Title: How to Make a Wish
Author: Ashley Herring Blake
Published: 02 May 2017 | HMH Books for Young Readers
Date Read: 29 April 2017
All seventeen year-old Grace Glasser wants is her own life. A normal life in which she sleeps in the same bed for longer than three months and doesn’t have to scrounge for spare change to make sure the electric bill is paid. Emotionally trapped by her unreliable mother, Maggie, and the tiny cape on which she lives, she focuses on her best friend, her upcoming audition for a top music school in New York, and surviving Maggie’s latest boyfriend—who happens to be Grace’s own ex-boyfriend’s father.
Her attempts to lay low until she graduates are disrupted when she meets Eva, a girl with her own share of ghosts she’s trying to outrun. Grief-stricken and lonely, Eva pulls Grace into midnight adventures and feelings Grace never planned on. When Eva tells Grace she likes girls, both of their worlds open up. But, united by loss, Eva also shares a connection with Maggie. As Grace’s mother spirals downward, both girls must figure out how to love and how to move on.
Ashley Herring Blake’s debut book Suffer Love has been a remarkable read for me last year. I loved how uniquely the plot of that book was written as well as the characters. That’s why I made it my mission to ensure that I’ll get to read her upcoming novels as well.
I’ve read my fair share of diverse books but this is the first F/F YA story that I’ll be reading. I don’t know what to expect. I’m excited and curious all at the same time. How To Make a Wish is another remarkable story given by Ashley Herring Blake about two-girls who found each other on what may be the lowest points of their lives.
Grace is channeling all her focus in finishing High-School and soon going to a top music school in New York to do what she loves – playing the piano. I really admire Grace’s character. She’s smart, talented, strong-willed and dedicated. These were shown thru her passion in playing the piano, her relationship with his friends and her mother.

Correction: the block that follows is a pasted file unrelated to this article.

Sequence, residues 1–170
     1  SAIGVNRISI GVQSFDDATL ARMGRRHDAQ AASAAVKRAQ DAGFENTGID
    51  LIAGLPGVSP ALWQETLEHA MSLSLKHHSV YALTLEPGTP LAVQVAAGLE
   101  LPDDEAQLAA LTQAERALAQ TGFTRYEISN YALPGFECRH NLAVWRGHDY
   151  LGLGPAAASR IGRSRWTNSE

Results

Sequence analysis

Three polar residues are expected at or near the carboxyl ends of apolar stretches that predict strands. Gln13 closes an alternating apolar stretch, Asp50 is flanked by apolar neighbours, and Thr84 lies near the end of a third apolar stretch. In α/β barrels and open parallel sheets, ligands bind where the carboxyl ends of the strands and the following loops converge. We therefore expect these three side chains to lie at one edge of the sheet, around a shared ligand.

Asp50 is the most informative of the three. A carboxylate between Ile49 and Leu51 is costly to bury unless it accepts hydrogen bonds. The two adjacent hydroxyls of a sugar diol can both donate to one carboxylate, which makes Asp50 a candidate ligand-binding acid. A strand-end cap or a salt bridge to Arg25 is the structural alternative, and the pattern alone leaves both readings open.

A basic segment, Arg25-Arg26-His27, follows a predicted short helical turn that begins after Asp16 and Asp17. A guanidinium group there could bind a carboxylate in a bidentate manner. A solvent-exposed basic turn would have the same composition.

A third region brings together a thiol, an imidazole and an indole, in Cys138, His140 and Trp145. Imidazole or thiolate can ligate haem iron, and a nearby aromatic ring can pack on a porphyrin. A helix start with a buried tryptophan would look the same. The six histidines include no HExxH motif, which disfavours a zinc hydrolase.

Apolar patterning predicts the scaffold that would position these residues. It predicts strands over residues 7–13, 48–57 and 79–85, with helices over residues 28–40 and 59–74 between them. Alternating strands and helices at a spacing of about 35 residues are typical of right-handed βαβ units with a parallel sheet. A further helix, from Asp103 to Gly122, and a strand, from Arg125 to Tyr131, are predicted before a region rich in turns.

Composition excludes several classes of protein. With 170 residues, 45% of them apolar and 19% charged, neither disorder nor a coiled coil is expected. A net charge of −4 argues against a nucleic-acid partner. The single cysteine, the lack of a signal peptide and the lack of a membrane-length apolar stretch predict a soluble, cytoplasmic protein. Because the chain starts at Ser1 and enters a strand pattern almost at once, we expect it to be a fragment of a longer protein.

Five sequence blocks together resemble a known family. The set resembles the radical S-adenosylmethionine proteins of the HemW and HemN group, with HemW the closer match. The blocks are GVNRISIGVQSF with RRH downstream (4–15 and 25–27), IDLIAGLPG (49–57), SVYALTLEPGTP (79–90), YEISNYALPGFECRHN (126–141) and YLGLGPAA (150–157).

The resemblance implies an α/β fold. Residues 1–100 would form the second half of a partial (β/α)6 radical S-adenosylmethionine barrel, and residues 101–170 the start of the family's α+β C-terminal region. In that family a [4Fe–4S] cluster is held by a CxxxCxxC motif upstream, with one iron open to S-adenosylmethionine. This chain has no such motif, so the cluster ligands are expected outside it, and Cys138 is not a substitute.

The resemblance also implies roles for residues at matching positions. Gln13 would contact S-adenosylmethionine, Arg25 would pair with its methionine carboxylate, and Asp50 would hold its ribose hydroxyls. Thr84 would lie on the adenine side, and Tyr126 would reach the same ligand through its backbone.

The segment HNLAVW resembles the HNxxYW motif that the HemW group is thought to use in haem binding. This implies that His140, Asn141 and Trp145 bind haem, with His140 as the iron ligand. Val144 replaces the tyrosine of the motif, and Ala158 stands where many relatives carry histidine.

“I can’t leave her. She’s my mom; I’m her kid. We belong together.”
Grace and her mom doesn’t have the perfect relationship. Grace’s mom, Maggie is spontaneous, reckless, unreliable and unpredictable leaving Grace into the mother role of their so-called mother-daughter relationship. The way their relationship was written is raw, heartbreaking, painful and real. I literally shed a tear or two after reading several events between Maggie and Grace that are literally sad. With these events shown, we were given a window to see why Grace is feeling the way that she’s feeling – her anger, sadness and helplessness. I really admire her strength as a teen and her love for her mother.
Eva, on the other hand is grieving. She’s grieving the loss of her mom. She’s running from her own demons. I actually had a hard time getting to know Eva. The book already ended but it feels like I still don’t know her that well. Which I think could’ve been remedied by giving her a chapter or two because it feels like I only saw glimpses of her and her life.
“Up there, I didn’t belong to a messed-up mother. She wasn’t the grieving daughter. We were just Grace and Eva.”
“Just Grace and Eva. Two girls who need to feel young and free, need to feel like girls. Need to scream from the top of a lighthouse and eat peanut butter out of a jar and swear and accidentally brush up against each other and giggle about it. “
Grace and Eva are cute together. The chemistry is there! I love their moments in the lighthouse where they are simply Grace and Eva.
The main thing that makes this book stand out is the author was brave enough to introduce us to a set of characters that are not afraid of their sexuality. The main characters Grace and Eva are both bisexual. I really appreciate how real the sexuality of Grace and Eva were portrayed in the story. I also kind of like how we’re saved from all the “coming-out” stuffs because their family and friends easily accepted them. This part was thoughtfully written.
The set of supporting characters that this book has was also easy to love. Luca – Grace’s best friend was so charming. His mom Emmy has been a great help as well. I even ended up liking Jay Lanier!
The storyline flowed smoothly. The setting was dreamy as well – the little coastal town of Cape Katie. And above all, for me, the author well portrayed the F/F relationship in the story.
Overall, How To Make a Wish is a very heartwarming story. The ending was inspiring. It leaves us a very good note of accepting and loving who you really are and who you’re friends and love ones are. And, believing that dreams do come true. You just surely need to chase them.
“If you really want something, baby, the stars won’t help you. You have to reach out and take it.”
Ashley Herring Blake is a reader, writer, and mom to two boisterous boys. She holds a Master’s degree in teaching and loves coffee, arranging her books by color, and watching Buffy over and over again on Netflix with her friends. She’s the author of the young adult novels SUFFER LOVE and HOW TO MAKE A WISH.
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